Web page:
Talking Turkish: Ph.D. Candidate Maya Rose Studies How Adults Best Learn a Second Language Online
Left: Getty Images. Right: Maya Rose (Courtesy of Rose)
From the start of the COVID-19 lockdowns, the internet has been filled with advice for adults seeking to use the time to learn a second language. Most people will tell you, it’s not so easy. But, as Ph.D. candidate Maya Rose, (Educational Psychology) points out, “Despite this difficulty, we know that college students and adults can successfully learn new languages.”
Rose was just awarded a $12,000 research grant from the National Science Foundation for her study, "Does Speaking Improve Comprehension and Processing of a Foreign Language? A Computer-Assisted Language Learning and ERP Study."
While previous work on this subject has focused on cognitive abilities as markers of language learning aptitude, less attention has been given to how specific learning tasks might promote language learning in adults. Rose explained that her study “focuses on the tasks learners engage in when learning a new language and asks specifically whether speaking, as opposed to just listening, promotes comprehension at the earliest stages of language learning.”
The Graduate Center asked Rose about her research, what benefits it might hold for society, and what advice she has for other doctoral students seeking research grants.
The Graduate Center: Your research topic sounds fascinating. Can you describe it for non-linguistics specialists? What questions are you seeking to answer?
Rose: We use a computer-assisted language learning (CALL) protocol (delivered remotely during COVID) to teach college students a new language, in this case Turkish. Participants listen to Turkish question-answer dialogues while viewing corresponding pictures of scenes on their computer. What we vary across groups of participants is how they practice Turkish in their CALL lessons. After hearing a Turkish question, participants are required to do one of following: Generate an answer to the question in Turkish (retrieval practice); repeat the answer generated by the computer (listen and repeat practice); or listen to the answer generated by the computer and match it with a corresponding picture (forced-choice comprehension practice).
We hypothesize that the retrieval practice group will outperform the other groups on their comprehension of Turkish after controlling for individual differences in language learning aptitude. Our hypothesis is based on research on the “testing effect,” which suggests that retrieving and generating answers to questions promotes consolidation of information in long-term memory, thus improving retention.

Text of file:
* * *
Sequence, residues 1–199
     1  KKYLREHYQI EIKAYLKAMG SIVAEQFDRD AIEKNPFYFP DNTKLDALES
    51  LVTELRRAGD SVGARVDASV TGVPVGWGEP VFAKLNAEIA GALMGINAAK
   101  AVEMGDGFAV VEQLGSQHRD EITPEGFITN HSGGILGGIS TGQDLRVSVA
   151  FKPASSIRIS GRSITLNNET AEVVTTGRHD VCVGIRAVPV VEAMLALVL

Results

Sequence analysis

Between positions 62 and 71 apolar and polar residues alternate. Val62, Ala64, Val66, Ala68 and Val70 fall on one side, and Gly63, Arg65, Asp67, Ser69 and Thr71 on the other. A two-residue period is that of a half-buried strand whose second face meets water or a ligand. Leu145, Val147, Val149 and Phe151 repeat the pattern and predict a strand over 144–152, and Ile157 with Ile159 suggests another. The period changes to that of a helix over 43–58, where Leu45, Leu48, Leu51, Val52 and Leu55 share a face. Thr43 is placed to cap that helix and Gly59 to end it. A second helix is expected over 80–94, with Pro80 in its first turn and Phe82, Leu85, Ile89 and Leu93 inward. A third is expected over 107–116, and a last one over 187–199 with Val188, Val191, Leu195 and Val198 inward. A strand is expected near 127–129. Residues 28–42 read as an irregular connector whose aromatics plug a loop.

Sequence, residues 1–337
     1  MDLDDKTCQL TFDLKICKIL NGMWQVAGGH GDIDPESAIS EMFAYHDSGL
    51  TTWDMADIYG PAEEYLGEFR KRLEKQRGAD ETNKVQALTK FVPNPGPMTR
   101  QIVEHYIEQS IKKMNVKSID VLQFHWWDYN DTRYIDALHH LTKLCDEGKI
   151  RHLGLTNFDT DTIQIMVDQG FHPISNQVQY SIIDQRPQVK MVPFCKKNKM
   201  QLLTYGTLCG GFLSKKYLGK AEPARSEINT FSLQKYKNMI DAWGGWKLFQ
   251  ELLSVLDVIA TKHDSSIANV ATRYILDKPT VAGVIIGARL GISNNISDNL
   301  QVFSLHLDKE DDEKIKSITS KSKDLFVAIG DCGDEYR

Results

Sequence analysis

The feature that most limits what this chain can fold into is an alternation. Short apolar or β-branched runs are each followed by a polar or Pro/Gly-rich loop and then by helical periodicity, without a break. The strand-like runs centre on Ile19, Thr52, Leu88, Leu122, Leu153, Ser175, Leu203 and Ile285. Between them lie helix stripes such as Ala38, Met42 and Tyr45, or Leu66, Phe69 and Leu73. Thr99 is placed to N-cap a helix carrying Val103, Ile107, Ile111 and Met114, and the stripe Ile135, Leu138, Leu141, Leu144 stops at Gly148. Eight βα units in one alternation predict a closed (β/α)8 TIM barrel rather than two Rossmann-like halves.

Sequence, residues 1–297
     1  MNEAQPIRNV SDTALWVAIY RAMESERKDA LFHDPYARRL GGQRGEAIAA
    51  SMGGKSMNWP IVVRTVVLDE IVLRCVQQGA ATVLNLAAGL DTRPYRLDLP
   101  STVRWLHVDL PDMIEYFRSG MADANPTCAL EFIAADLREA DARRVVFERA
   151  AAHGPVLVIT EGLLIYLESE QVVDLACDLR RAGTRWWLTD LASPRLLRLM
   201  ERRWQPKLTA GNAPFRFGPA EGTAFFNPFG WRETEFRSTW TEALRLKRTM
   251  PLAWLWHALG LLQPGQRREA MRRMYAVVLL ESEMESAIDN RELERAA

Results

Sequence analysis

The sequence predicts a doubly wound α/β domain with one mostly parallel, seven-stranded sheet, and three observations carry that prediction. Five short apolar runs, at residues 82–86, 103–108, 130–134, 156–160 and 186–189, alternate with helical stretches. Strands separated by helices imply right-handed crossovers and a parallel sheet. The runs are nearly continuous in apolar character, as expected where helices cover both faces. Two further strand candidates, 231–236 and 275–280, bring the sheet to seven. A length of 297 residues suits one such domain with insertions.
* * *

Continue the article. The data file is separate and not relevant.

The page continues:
GC: Do you see societal benefits from your research?
Rose: While results of this study aim to inform theoretical models of second-language acquisition, they may also benefit society in a couple of ways. First, determining what learning tasks are most beneficial for second-language acquisition will inform the development of commercial language learning applications, such as Duolingo and Fluenz, and make them more effective for adult learners who often have limited opportunities to practice a new language. Second, by focusing on Turkish, we are developing materials for a language considered by the U.S. State Department to be critical for national security purposes. Lastly, by introducing college students to Turkish, we hope that the experience will foster interest in the language and promote further study.
GC: You mentioned in a tweet that you "couldn't have done it" without your adviser Patricia Brooks (GC/College of Staten Island; Educational Psychology/Psychology). How did she help?
Rose: Dr. Brooks was the one who recommended I apply for the grant and served as a support system throughout the entire submission process. The NSF Doctoral Dissertation Research Improvement (DDRI) grant requires the applicant to write a one-page project summary along with a 10-page project description. As you can imagine, this is not a lot of space to describe the driving theories, research hypotheses, methods, statistical analyses, intellectual merit, and broader impacts of your project. I also worked with Valerie Shafer, a linguist in the Speech-Language-Hearing Sciences program at The Graduate Center, who helped me frame my project description in a way that would appeal to linguists.
GC: Do you have advice for fellow students on applying for NSF grants, or grants in general?
Rose: Introduce yourself to the people who work in the GC’s Office of Research and Sponsored Programs and attend their information sessions. They have lots of useful templates to help you prepare the different components of the grant, including the budget, summary, and resources. Each funder has a different submission process, and it is important to follow their guidelines to a tee. The grants office will work with you to assure that all of the components of your grant are in the correct format before you submit. I worked with Edith Gonzalez, executive director of research, who was able to answer all of my questions about the submission process. She really reduced the stress associated with meeting the deadline!
GC: Is there anything else you'd like to add?
Rose: You won’t know if your grant will get funded unless you give it a try. Even if you do not get the grant on your first attempt, reviewers will provide informative feedback that you can use to improve your grant for a future submission. Also, I suggest talking with another graduate student who has already received a similar grant. They will know more about what the funding agency looks for in a successful grant application.
Submitted on: JAN 13, 2021
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